JANE MONTEITH April 15 1946


JANE MONTEITH April 15 1946



of Chatelaine Institute

MOTH larvae are carnivorous. They show' a great fondness for all kinds of animal fibres such as furs, woollens or anything containing wool. They’re not above eating the hairs shed by the family dog or cat either. They scorn cottons, linens and rayons.

They are luxury - loving, slovenly creatures too, disliking cleanliness, light, and extremes of heat and cold. So, in your campaign against moths, make things as uncomfortable as possible for them before treating and storing away for the summer months.

Wash all washable woollens; send all nonwashables to the dry cleaners. Use vacuum cleaner attachments on furniture, drapes and rugs. Brush and shake curtains, blankets and coats, then hang in the sun for several hours.

Furs are best sent to cold storage, as even with the most careful brushing and spraying it’s difficult to reach the base of the hairs, where the moth eggs are laid.

Methods of dealing with this household pest have long been a subject of controversy, and many have been tried with varying degrees of success. Clean clothes have been stored in sealed closets, bags or cedar chests; chemicals with a strong odor which moths dislike have been used; crystals such as paradichlorobenzene or naphthalene flakes employed; liquid insecticides have been sprayed on garments and furniture. Now the new wonder chemical DDT has appeared on the domestic market.

The success of your war on moths will depend less on the type of repellent you use than on the intelligence with which you use it and the determination of your follow-up. One application of even the most deadly insecticide won’t protect you from moths forever.

A sealed closet specially reserved for storage is an excellent thing if you can afford the space. A cedar chest with a tight-fitting lid will protect

You’ve got the edge on the moth if you know his whims. He dotes on dirt and darkness, loathes heat and cold, hates soap and water. And DDT just kills him

properly treated articles from further contamination for a reasonable length of tim,e.

Paradichlorobenzene crystals in

sufficient strength will kill moth worms. Use one pound of crystals for a large trunk, a small closet or a rug you want to store, rolled up and wrapped securely in brown paper. The fumes are heavier than air, so hang cheesecloth bags of the crystals near the top of closets and clothing bags and just under the piano lid. Scatter crystals generously in boxes before sealing.

Moth sprays are effective in proportion to the care with which you go over the article to be demothed. Special attention should be paid to seams, cuffs and pockets of garments. It’s a good idea to try a little of the spray on an inconspicuous part of the material to be sure it won’t stain.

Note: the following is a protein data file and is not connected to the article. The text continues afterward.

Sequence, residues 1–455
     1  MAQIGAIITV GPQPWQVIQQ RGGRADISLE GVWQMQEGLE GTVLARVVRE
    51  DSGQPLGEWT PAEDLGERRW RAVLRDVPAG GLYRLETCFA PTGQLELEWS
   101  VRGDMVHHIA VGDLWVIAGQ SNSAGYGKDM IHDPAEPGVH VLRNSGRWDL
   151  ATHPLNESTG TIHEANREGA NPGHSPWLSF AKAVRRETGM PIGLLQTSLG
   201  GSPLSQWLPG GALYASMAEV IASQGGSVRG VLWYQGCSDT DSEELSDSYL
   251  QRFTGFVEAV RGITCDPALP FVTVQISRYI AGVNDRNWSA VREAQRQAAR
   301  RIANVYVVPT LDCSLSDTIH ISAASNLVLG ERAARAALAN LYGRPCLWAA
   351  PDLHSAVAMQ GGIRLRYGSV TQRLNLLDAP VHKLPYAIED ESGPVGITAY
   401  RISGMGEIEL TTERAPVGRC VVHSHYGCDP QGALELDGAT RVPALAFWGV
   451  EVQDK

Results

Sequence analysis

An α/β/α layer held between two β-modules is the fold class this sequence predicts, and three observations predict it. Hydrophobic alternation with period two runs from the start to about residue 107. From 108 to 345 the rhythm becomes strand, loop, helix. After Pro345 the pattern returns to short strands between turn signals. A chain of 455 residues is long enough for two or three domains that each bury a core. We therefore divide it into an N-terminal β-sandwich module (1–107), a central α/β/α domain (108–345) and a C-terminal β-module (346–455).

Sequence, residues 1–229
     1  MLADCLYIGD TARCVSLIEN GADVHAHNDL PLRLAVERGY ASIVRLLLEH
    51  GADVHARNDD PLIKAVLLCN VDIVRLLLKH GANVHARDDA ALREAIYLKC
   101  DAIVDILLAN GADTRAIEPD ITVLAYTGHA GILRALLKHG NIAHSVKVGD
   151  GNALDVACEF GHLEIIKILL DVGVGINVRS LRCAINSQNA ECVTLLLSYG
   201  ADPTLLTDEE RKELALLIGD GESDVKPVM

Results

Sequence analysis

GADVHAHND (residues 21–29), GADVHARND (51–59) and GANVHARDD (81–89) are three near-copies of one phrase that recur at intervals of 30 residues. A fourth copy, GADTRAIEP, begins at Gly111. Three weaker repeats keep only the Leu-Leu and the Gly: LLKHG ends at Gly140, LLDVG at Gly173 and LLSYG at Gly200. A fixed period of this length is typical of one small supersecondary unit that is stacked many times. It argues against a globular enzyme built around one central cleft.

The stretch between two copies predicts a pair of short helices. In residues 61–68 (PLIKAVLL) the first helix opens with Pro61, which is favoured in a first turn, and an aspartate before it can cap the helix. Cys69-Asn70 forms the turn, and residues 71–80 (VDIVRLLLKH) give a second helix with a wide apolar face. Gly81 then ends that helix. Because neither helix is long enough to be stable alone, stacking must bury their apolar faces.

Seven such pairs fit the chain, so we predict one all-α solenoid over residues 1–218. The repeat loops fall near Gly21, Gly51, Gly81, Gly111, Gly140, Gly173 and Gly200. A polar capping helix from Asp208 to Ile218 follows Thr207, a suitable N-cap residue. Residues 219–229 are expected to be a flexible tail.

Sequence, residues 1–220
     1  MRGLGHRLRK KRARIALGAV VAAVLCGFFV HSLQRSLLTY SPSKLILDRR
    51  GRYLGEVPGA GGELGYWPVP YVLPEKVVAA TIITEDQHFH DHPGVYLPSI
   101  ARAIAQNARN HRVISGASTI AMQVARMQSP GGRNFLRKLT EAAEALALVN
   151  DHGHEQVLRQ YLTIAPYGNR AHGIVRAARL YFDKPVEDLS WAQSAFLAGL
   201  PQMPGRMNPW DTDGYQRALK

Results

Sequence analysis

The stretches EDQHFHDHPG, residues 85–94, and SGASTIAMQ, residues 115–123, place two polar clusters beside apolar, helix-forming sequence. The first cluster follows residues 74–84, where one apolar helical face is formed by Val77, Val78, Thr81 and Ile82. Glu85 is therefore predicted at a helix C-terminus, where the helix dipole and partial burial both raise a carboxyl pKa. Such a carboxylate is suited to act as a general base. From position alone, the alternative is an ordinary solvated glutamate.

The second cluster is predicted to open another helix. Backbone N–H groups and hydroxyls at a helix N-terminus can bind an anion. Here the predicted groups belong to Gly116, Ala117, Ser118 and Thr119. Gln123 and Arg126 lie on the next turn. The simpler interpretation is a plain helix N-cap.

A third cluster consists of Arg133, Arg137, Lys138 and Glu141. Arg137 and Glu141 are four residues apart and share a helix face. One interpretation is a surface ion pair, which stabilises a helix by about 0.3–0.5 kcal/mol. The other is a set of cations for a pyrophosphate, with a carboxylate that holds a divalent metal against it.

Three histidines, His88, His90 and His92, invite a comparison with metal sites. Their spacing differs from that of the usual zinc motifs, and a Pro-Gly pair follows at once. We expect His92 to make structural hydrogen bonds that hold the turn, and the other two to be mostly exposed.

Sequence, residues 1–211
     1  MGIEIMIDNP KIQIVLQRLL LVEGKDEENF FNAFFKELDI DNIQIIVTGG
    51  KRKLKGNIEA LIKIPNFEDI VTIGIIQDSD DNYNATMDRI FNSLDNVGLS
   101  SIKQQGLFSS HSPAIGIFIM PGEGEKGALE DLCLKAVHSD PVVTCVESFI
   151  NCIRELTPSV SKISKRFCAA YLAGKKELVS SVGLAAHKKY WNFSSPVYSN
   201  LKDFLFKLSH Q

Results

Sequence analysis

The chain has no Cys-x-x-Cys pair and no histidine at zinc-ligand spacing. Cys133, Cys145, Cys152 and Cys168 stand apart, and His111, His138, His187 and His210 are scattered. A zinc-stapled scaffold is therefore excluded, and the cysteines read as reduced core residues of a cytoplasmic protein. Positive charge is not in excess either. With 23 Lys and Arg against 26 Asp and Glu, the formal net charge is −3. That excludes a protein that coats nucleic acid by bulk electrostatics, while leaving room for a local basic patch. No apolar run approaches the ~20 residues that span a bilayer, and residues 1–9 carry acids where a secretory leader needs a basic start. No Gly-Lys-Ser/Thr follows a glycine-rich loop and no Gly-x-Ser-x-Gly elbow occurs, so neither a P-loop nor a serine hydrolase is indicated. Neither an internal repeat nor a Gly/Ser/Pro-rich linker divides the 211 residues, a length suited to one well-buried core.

DDT is in the experimental stage as far as household use is concerned. It will kill moths if you use a preparation suitable for the purpose and follow the manufacturer’s instructions religiously.

DDT will be on the market in three forms: a bomb disperser suitable for use against flying moths or exposed larvae (which has little delayed effect) ; a hand spray containing a solvent that evaporates, leaving DDT in a fine powder which will continue to kill moth larvae in clothes, carpets and furniture for a long time (providing the article is not dry-cleaned, washed, or the powder removed in any other way); a powder particularly suitable for dusting under carpets, on piano felts, in the cracks between moldings and the floor and for other places that are difficult to reach.


DDT is poisonous if swallowed, and should be kept in a safe place, away from children, and labelled POISON. Closely cover all food before using DDT, and wash tables and working surfaces thoroughly afterward.

Some forms are inflammable and will be so labelled by the manufacturer. Keep away from open flame, and do not smoke when using.

Some solutions are irritating to the skin. It might be wise to wear gloves when using sprays and powders. If a little gets on your skin, wash immediately with soap and water. Before wearing brush or wash clothing sprayed with DDT.

Avoid inhaling the fumes, as much as possible. People with a tendency to hay fever or asthma should wear a mask when handling sprays and powders.

Keep children and small animals out of the room when you are using any preparation of DDT. Cover the goldfish bowl and remove the canary.